Latent heat

Reference: Daniel V. Schroeder, An Introduction to Thermal Physics, (Addison-Wesley, 2000) – Problems 1.47 – 1.48.

In most cases, adding heat to a substance causes its temperature to rise, by an amount governed by its heat capacity. At a phase transition (melting or boiling), however, heat is required just to convert the substance from one phase to another without changing its temperature. [I can still remember the first time I discovered this, in a high school chemistry lab. We were given a test tube filled with wax in which was embedded a thermometer and had to record the temperature as we heated the test tube over a bunsen burner. At first, as you’d expect, the temperature of the (still solid) wax increased, but then it levelled off as the wax started to melt. It was one of those experiments that left a lasting impression on me some 45 years later.]

The amount of heat per unit mass required to effect a phase transition is called latent heat:

\displaystyle  L\equiv\frac{Q}{m} \ \ \ \ \ (1)

Every substance has its own latent heats at its melting and boiling points, and these latent heats can be quite large compared with the specific heat capacity. For water, the latent heat for melting ice is {333\mbox{ J g}^{-1}=80\mbox{ cal g}^{-1}} and for boiling water it is {2260\mbox{ J g}^{-1}=540\mbox{ cal g}^{-1}}. (Recall that the specific heat capacity of liquid water is {1\mbox{ cal g}^{-1}\mbox{K}^{-1}}, so heating liquid water from its melting point to its boiling point takes {100\mbox{ cal g}^{-1}}.)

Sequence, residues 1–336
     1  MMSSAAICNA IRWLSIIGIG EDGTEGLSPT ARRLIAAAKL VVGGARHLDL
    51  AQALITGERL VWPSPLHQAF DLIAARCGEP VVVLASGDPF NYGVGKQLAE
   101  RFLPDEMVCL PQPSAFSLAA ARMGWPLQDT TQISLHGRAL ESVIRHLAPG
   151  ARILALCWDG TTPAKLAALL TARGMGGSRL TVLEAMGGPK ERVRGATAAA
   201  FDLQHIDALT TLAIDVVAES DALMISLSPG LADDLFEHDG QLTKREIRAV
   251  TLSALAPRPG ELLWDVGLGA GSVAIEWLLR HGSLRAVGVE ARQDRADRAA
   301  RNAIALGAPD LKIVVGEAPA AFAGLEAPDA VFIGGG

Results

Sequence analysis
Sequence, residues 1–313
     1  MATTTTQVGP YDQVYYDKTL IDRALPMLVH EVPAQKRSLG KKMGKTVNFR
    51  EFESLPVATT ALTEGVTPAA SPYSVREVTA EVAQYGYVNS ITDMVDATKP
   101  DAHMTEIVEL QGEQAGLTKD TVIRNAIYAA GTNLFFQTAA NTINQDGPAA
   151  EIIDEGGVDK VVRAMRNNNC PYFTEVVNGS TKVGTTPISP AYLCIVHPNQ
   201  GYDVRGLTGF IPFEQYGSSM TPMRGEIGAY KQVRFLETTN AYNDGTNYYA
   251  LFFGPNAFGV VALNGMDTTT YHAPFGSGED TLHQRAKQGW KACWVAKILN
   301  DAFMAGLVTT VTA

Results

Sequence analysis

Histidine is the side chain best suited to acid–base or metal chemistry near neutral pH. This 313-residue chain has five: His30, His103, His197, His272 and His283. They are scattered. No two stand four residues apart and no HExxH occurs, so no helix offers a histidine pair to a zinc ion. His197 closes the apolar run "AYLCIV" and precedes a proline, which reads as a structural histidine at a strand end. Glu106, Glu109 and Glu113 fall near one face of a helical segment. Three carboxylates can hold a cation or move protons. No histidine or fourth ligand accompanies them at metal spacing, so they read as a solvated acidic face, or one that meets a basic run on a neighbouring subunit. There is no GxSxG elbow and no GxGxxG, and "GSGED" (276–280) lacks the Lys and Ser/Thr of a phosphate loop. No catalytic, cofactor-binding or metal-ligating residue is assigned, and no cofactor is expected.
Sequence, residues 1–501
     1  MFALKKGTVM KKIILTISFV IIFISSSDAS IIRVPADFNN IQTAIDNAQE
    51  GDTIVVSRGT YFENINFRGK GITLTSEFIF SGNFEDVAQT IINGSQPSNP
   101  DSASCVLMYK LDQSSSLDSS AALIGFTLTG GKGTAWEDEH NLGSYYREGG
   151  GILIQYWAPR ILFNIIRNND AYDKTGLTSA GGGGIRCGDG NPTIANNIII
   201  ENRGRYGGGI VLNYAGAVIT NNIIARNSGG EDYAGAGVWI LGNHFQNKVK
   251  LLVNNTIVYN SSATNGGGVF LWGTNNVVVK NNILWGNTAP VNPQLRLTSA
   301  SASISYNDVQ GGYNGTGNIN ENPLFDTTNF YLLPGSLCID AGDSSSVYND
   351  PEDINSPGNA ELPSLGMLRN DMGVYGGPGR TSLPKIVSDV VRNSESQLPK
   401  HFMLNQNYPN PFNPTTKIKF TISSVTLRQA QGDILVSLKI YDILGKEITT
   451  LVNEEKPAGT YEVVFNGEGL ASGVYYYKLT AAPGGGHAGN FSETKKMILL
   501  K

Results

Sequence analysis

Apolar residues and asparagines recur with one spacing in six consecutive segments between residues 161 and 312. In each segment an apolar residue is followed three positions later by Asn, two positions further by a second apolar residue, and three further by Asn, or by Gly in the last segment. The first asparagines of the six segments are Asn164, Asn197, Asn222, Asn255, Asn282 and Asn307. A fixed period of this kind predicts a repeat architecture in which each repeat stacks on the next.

Example 1 We have a 200 gram cup of tea at boiling point and wish to cool it down to {65^{\circ}\mbox{ C}} before we drink it, by putting a mass {m} of ice (initially at {-15^{\circ}\mbox{C}}) into the tea. Given that the specific heat capacity of ice is {0.5\mbox{ cal g}^{-1}\mbox{K}^{-1}}, how much ice do we need?

The tea (assumed to have the same heat capacity as pure water) must decrease by 35 K, so it must give up an amount of heat

\displaystyle  Q=200\times35=7000\mbox{ cal} \ \ \ \ \ (2)

This heat goes into, first, heating the ice by 15 degrees to its melting point, then melting it, then heating the resulting water to {65^{\circ}\mbox{ C}}. The heat required for each of these steps is

\displaystyle  Q=\begin{cases} 15\times0.5m & \mbox{to heat the ice to }0^{\circ}\\ 80m & \mbox{to melt the ice}\\ 65m & \mbox{to heat the water to }65^{\circ}\mbox{ C} \end{cases} \ \ \ \ \ (3)

The sum of these three heats is equal to the heat lost by the tea, so

\displaystyle   \left(7.5+80+65\right)m \displaystyle  = \displaystyle  7000\ \ \ \ \ (4)
\displaystyle  m \displaystyle  = \displaystyle  45.9\mbox{ g} \ \ \ \ \ (5)

Example 2 Estimating how long it takes the snow pack to melt with the spring thaw. Suppose the snow is composed of 50% ice and 50% air, and that it’s 2 metres deep. The sun provides around {1000\mbox{ watts m}^{-2}} of energy, but around 90% of this is reflected by the snow, so the snow absorbs only about {100\mbox{ watts m}^{-2}}. The density of ice at its melting point is {0.9167\mbox{ g cm}^{3}} so in a block of snow with {1\mbox{ m}^{2}} surface area and a depth of 2 m, there is a mass {m} of ice:

\displaystyle  m=1\times2\times0.9167\times\frac{1}{2}\times10^{6}=9.167\times10^{5}\mbox{ g} \ \ \ \ \ (6)

The amount of heat required to melt the ice is

\displaystyle  Q=80\times9.167\times10^{5}=7.33\times10^{7}\mbox{ cal} \ \ \ \ \ (7)

The heat is provided by the sun at the rate of

\displaystyle  P=\frac{100}{4.186}=23.89\mbox{ cal s}^{-1} \ \ \ \ \ (8)

so it takes

\displaystyle  t=\frac{7.33\times10^{7}}{23.89}=3.07\times10^{6}\mbox{ s}\approx5\mbox{ weeks} \ \ \ \ \ (9)

to melt the snow. Of course, the sun is shining only during the daytime, so we’d expect about double this time would actually be needed. [This is actually not that bad an estimate. I remember when I used to go hiking in the mountains north of Vancouver that even in July there was still a lot of snow. We usually had to wait until August before it was gone.]

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